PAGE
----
The option of carrying out a military strike or similar operation in Syria must be kept open as a way of dealing with the crisis, the secretary-general of the NATO military alliance said on Thursday.
Anders Rasmussen’s comments came as the world’s chemical weapons watchdog said it is to meet Friday to discuss a Russian-US plan for the destruction of Syria’s chemical arsenal.
Rasmussen welcomed a US-Russian agreement, but said it was essential for keeping momentum in the diplomatic and political process that the military option remained on the table.
“I think, irrespective of the outcome of the deliberations in the UN Security Council, the military option will still be on the table,” Rasmussen said at an event organized by the Carnegie Europe think tank.
A draft UN Security Council resolution on Syria’s chemical weapons under discussion in New York leaves the door open to the use of force if Syria does not comply. Russia is expected to oppose this provision.
The Organization for the Prohibition of Chemical Weapons (OPCW) will meet to consider the “elimination of Syrian chemical weapons”, director general Ahmet Uzumcu said in a statement Thursday.
The Hague-based OPCW’s 41-member Executive Council will discuss the Russian-US plan agreed at the weekend in Geneva in a bid to avert US-led military strikes on Syria, blamed by the West for a chemical weapons attack in August.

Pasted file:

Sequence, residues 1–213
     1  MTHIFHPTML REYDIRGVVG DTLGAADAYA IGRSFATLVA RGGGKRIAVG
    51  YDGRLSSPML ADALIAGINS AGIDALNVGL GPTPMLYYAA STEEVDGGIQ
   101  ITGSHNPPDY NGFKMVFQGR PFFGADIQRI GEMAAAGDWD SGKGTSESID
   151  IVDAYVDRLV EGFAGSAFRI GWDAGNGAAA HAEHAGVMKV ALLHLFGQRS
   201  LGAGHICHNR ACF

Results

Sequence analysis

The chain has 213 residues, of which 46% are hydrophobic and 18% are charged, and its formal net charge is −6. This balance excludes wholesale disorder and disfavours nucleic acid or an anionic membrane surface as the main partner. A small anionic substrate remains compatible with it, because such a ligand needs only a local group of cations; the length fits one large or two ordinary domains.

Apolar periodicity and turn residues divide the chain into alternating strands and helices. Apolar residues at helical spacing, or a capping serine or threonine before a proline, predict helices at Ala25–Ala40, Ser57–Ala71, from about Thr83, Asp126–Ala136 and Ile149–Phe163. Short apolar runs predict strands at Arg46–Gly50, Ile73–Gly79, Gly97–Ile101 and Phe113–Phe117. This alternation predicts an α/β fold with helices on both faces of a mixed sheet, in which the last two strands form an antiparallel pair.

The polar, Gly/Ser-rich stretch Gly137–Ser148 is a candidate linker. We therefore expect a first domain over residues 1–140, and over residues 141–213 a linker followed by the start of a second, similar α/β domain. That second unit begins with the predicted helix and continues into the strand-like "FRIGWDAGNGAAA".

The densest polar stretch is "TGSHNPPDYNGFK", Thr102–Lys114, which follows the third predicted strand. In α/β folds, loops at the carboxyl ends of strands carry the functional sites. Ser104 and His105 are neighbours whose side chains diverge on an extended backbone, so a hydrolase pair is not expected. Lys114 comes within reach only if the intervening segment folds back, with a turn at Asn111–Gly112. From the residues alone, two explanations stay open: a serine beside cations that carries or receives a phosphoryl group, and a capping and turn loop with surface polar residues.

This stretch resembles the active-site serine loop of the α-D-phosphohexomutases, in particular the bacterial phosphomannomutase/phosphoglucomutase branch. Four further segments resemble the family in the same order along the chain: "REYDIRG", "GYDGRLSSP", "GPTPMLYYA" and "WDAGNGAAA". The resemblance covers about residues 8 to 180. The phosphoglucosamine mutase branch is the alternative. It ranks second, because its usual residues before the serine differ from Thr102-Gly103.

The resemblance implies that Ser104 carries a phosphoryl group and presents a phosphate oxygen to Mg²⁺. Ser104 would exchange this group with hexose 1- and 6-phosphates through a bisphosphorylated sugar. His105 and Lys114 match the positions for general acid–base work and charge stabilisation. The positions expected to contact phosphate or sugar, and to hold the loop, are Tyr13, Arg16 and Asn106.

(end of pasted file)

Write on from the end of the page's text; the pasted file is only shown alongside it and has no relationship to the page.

The OPCW is charged with implementing the Chemical Weapons Convention, which Syria asked to join amid growing calls for military action against Damascus.
Rasmussen said he had no doubt the Syrian government was behind an August 21 sarin gas attack on a Damascus suburb that the United States claims killed more than 1,400 people.
The Syrian government vehemently denies any responsibility in the attack, claiming rebels were responsible.
The plan says that President Bashar al-Assad’s government will hand over a list of its chemical weapons and facilities by Saturday, and that all will be destroyed by mid-2014.
In an interview with US network Fox News, Assad has said it will take at least a year and $1 billion for Syria to surrender its chemical weapons.
“I think it’s a very complicated operation, technically. And it needs a lot of money, about a billion,” he told Fox.
“So it depends, you have to ask the experts what they mean by quickly. It has a certain schedule. It needs a year, or maybe a little bit more.”
Assad insisted in the television interview that his forces had not been behind the August 21 gas attack, but vowed nevertheless to hand over his deadly arsenal.
Russian Defense Minister Sergei Shoigu said on Thursday that Russia has no current plans to destroy Syrian chemical weapons on its own territory.
Asked whether Russia had such plans, Shoigu told Interfax news agency, “No. A decision needs to be taken for this.”
“We have factories for the destruction of chemical weapons, but there is a big difference between ‘ready’ and ‘willing’.”
Western nations, who said they are not looking for an immediate threat of force against Assad, could seek a Security Council vote this weekend if Russia agrees.
Britain, France and the United States have prepared a draft resolution that would invoke Chapter VII of the UN Charter but would not explicitly threaten force or sanctions.
(Reuters, AFP, Al-Akhbar)